So Are Lactic Acid Pickles A Vegetable or A Condiment?Posted: August 3, 2012
Do you watch Portlandia? Well, yeah, me either. I mean, individually the skits are great, but the whole show, meh. Glad to know that I’m not the only one.
Anyways, the other night I was musing on Facebook if one ate a lactic acid fermented pickle with dinner if that counted as a serving of a vegetable or a condiment, to which my friend Laura sent me this. Although I did not come to a resolution on if I was actually eating a vegetable or an accoutrement, it did bring to mind that these days people are going apecrap over pickles. Cucumbers, eggs, kumquats, cherries, strawberries, blueberries, grapes, tomatoes, rhubarb, mushrooms, everything, you name it.. you can pickle that.
Except a potato. Or so I’ve heard.
I know this chef who argues adamantly that you can literally pickle anything except a potato. He says that if you had tried it, due to the high starch content, the potato would just become mush. I had no reason to disbelieve him having noted the same reaction with apples when trying to make them into kimchi, until I did some research into the topic.
As it turns out, you CAN pickle potatoes. People all over the world do it all the time! In India they call it Aloo Achar. In Mexico, they have Botana de Papas de Escabeche. In northeastern China they have potatoes in vinegar sauce. Even Russia sports a pickled potato salad. But the key feature in all of these worldly pickle varieties is you can’t really pickle them in the same way that you can pickle everything else with a brine.
From what I can ascertain, the potato pickle is really not much more than a quickly marinated dish not meant for long term storage. The potatoes in these recipes tend to be lightly cooked before dressing perhaps to increase the palatability of the dish while simultaneously reducing the starch content. For example, the Sichuan dish of Potatoes in Vinegar Sauce is made from stir fried potatoes tossed in vinegar and spices before serving. I’ve had it before and it definitely says “Potato Pickle!” but in reality I know its not much more than the Chinese version of German Potato Salad.
Alternately, in Indo-Aryan languages the term achar refers to any type of pickle and includes the potato as well. Aloo Achar is made similarly to other dressed potato dishes called a pickle where the vegetable is cooked and then tossed with a spicy dressing. The dish is then served with rice or on lettuce leaves as a main dish, which makes it seem more like a meal than a condiment.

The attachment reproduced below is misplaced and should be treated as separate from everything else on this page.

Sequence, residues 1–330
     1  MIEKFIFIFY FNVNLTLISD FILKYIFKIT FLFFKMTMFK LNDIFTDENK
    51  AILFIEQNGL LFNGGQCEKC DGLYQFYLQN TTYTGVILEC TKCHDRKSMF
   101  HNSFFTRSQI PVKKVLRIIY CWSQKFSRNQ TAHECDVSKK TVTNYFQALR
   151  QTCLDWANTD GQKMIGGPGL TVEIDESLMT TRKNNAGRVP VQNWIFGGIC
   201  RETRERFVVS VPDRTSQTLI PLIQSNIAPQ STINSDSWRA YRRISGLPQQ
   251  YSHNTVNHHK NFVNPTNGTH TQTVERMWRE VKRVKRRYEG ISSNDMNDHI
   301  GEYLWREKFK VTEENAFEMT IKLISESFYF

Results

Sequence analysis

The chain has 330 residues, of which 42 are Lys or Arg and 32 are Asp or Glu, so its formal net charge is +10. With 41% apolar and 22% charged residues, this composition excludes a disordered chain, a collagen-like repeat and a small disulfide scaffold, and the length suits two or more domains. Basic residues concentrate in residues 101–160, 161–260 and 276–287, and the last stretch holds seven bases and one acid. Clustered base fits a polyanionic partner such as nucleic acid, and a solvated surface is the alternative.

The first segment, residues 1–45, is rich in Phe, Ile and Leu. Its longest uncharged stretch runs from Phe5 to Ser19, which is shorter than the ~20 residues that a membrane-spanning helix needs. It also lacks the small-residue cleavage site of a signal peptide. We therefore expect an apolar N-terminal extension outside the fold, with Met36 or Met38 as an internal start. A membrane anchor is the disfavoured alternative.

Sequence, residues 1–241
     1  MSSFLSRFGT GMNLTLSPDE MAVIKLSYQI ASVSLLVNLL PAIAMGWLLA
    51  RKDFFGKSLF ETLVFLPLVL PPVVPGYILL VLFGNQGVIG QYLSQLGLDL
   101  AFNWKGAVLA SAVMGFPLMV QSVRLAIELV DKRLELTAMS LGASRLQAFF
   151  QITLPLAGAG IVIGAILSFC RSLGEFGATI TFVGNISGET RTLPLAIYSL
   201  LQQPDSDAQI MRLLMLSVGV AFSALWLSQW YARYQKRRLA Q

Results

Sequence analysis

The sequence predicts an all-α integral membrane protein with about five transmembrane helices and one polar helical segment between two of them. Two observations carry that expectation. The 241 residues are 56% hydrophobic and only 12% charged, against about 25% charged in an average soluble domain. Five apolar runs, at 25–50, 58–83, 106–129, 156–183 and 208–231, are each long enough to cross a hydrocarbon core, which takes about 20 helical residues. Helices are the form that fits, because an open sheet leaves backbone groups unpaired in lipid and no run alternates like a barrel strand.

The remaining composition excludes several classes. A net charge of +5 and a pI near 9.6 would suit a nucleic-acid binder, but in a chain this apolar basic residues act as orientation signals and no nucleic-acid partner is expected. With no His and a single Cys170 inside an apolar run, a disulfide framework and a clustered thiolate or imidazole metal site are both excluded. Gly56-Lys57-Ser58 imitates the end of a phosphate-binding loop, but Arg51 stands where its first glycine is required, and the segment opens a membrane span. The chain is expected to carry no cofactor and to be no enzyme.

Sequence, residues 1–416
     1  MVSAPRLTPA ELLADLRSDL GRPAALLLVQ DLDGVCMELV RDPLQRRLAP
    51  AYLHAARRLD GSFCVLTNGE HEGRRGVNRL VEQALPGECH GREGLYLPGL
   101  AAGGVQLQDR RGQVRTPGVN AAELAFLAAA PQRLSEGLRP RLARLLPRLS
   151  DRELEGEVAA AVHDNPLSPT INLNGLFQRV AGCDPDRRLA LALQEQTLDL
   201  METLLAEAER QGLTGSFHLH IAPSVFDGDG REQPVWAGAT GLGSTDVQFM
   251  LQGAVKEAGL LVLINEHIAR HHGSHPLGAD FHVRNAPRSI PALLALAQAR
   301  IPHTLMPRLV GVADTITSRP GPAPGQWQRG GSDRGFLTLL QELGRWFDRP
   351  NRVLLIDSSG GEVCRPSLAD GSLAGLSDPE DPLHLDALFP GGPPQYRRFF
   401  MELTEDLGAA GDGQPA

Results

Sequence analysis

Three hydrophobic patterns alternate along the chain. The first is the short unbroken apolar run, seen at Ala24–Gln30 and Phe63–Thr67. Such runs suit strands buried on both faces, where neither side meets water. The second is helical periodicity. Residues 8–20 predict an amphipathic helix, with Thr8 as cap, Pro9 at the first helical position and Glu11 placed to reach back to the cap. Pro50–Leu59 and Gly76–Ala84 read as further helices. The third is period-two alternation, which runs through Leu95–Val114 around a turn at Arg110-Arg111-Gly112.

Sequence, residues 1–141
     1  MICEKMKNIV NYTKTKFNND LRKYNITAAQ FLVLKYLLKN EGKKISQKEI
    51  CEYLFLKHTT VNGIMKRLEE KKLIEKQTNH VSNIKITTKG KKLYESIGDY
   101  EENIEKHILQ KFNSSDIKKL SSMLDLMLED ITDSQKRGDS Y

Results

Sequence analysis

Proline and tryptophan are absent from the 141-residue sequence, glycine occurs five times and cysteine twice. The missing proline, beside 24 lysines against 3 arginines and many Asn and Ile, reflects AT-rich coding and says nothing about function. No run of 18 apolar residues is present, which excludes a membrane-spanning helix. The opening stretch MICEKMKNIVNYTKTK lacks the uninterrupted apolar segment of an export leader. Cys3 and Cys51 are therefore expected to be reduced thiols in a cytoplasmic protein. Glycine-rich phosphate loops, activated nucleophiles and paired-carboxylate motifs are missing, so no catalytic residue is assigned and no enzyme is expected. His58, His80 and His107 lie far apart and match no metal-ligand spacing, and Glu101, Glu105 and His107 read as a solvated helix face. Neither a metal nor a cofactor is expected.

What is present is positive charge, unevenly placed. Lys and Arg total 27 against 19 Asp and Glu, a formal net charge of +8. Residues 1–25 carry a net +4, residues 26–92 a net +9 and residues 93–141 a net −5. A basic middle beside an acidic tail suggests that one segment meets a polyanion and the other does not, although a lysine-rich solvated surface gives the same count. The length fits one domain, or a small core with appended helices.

Dishes like Botana de Papas de Escabeche do seem to have a longer marinating time but also feature lightly cooked potatoes. So it may be entirely possible to short brine a potato but it would largely depend on the starch content of the potatoes to begin with. Recipes that I found for the dish suggested using waxy Yukon Gold potatoes to start with and to “brine” the vegetables for a day before serving.
I did see little snippets here or there that it is technically possible to brine potatoes like other pickles, but to do so the potatoes must be in larger pieces to start with and soaked before brining to remove some of the starch. Vinegar brines break down the starch in potatoes (or other starchy plants), so if you’re dead set on trying to make a raw potato pickle the best bet is to soak your chunks in a water bath and keep the brining time shorter than traditional pickles.
Also, anecdotally, I noted that most people who reported trying to make pickled potatoes said that they were nothing special and probably not worth repeating in regards to effort. Just saying.
So! The chef I had mentioned was technically right in terms of how a potato would be destroyed in a brine, but it isn’t to say that quick dishes resembling potato pickles can’t be made. Technically, nobody may be the winner in that argument.
Also, the jury is still out if I ate a vegetable or a garnish with dinner that night. Can anyone help me out on this? Did I get my required vegetable servings for the day?